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ASCO Names "Progress in Treating Rare Cancers" as the Advance of the Year

Jaime Rosenberg
Reflecting on a year of breakthrough advancements in the treatment of rare, difficult to treat cancers, the American Society of Clinical Oncology (ASCO) has named “Progress in Treating Rare Cancers” as the Advance of the Year.
The American Society of Clinical Oncology (ASCO) has named “Progress in Treating Rare Cancers” as the Advance of the Year in recognition of breakthrough research advances in the treatment of patients with rare and difficult-to-treat cancers.

Although uncommon on their own, rare cancers collectively account for approximately 20% of all cancers; however, treatment progress for rare cancers has traditionally lagged behind other, more common cancers. Due to diversity in clinical presentation and underlying biology, there’s variation in the ability and effectiveness of treatment options. Clinical trials also pose a barrier, as it often takes longer to recruit enough participants for trials assessing new treatments for these cancers.

However, in the past year, there have been various notable research and regulatory advancements. These advancements have had a significant impact on 5 rare cancers, in particular, according to ASCO.

In January 2018, 177Lu-Doctate (Luthara) gained FDA approval for midgut neuroendocrine tumors after the treatment demonstrated that it lowers the risk of disease progression or death by 79% for patients with advanced disease. In May, the FDA approved a combination of targeted therapies dabrafenib (Tafinlar) and trametinib (Mekinist) for patients with BRAF-mutated anaplastic thyroid carcinoma, a rare form of thyroid cancer that hadn’t seen an approved treatment in nearly 50 years.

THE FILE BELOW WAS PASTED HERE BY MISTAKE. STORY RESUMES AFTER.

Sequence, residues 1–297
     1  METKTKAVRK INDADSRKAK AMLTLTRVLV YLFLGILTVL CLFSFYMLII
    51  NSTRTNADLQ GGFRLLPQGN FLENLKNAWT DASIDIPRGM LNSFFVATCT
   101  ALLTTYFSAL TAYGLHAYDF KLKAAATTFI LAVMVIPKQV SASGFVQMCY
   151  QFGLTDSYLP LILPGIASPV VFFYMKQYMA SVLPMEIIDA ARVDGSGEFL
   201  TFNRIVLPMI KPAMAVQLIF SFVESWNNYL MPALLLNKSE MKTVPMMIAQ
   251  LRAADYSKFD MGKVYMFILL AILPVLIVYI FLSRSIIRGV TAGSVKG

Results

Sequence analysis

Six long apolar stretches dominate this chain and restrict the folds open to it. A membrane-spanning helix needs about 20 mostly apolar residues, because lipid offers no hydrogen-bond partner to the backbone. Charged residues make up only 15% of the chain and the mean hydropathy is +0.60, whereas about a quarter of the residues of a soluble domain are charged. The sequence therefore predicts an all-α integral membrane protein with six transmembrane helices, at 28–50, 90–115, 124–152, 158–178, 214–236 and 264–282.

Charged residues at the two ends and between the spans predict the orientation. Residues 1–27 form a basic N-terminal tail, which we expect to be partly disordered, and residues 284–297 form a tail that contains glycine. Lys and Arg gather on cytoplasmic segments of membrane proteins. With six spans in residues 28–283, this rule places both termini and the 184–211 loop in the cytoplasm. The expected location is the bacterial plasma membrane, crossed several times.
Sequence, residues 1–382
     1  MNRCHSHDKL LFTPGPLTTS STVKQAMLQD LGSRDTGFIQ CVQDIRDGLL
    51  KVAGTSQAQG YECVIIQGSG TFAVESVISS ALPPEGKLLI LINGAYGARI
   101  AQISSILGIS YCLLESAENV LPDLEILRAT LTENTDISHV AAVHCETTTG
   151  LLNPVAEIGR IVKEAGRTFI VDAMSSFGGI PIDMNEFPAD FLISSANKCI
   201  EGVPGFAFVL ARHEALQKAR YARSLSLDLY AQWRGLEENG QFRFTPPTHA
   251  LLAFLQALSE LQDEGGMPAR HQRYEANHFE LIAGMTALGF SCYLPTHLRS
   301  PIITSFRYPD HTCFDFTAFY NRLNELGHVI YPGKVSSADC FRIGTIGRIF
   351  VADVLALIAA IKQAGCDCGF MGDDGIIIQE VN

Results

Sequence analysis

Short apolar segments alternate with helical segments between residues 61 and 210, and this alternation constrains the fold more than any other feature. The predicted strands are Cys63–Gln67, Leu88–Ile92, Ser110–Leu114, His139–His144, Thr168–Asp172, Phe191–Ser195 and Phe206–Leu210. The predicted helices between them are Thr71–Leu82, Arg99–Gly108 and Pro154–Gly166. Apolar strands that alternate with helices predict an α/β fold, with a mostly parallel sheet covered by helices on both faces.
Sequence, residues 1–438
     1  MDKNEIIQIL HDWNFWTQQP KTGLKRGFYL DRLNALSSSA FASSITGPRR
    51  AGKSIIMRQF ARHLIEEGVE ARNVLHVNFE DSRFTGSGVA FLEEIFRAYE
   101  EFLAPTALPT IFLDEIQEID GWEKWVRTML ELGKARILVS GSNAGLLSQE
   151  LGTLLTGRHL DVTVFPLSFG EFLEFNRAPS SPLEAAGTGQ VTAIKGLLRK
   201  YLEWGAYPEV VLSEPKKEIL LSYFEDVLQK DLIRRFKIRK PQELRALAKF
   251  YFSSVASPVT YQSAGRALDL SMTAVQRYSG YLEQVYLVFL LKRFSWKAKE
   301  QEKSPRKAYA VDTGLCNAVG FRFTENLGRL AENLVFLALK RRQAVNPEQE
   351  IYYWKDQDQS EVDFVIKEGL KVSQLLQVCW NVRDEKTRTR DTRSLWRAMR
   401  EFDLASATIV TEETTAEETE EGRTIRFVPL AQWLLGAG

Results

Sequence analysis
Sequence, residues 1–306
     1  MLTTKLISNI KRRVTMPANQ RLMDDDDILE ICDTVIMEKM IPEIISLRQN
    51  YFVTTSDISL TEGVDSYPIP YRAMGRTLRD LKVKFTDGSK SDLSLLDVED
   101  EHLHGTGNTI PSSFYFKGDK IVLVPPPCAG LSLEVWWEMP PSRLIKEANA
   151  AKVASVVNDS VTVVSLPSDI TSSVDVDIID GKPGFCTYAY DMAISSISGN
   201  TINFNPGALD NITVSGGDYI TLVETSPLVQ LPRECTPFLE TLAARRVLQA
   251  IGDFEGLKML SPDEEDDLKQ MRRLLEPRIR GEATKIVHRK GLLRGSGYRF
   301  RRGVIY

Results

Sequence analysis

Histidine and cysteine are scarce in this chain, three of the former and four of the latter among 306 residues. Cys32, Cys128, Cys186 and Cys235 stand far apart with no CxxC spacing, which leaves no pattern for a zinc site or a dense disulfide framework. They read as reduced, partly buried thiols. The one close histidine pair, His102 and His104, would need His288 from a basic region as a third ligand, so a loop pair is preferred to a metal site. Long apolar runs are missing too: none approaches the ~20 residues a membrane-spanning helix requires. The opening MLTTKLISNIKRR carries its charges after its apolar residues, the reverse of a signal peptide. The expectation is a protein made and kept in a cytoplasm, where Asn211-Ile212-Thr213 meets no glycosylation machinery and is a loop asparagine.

Also during 2018, it became evident that sorafenib (Nexavar) was the first treatment to improve progression-free survival in patients with desmoid tumors, a rare form of sarcoma; trastuzumab (Herceptin) showed that it slowed progression of HER2-positive uterine serous carcinoma, one of the most aggressive types of endometrial cancer; and pexidartinib was shown to be the first promising treatment for tenosynovial giant cell tumor, with 40% of patients having a response.

These breakthroughs, as well as others, are attributable to decades of sustained federal support for clinical cancer research, which highlights the importance of federal funding, according to ASCO.

“It’s exciting to see such substantial progress over the course of a single year, particularly against rare cancers. With US cancer cases set to rise roughly a third over the next decade, we must continue to advance research that saves lives,” ASCO President Monica Bertagnolli, MD, FACS, FASCO, said in a statement. “Federal investment plays a key role in continuing progress—in rare and common cancers alike. We need to prioritize federal funding of cancer research in the years to come. Americans are counting on it.”

Looking forward, ASCO, for the first time, outlined areas of focus for future cancer research that represent areas of vital unmet need or knowledge gaps, including identify strategies that better predict response to immunotherapies, better define the patient populations that benefit from postoperative therapy, translate innovation in cellular therapies to solid tumors, optimize care for older adults with cancer, and reduce obesity and its impact on cancer incidence and outcomes.

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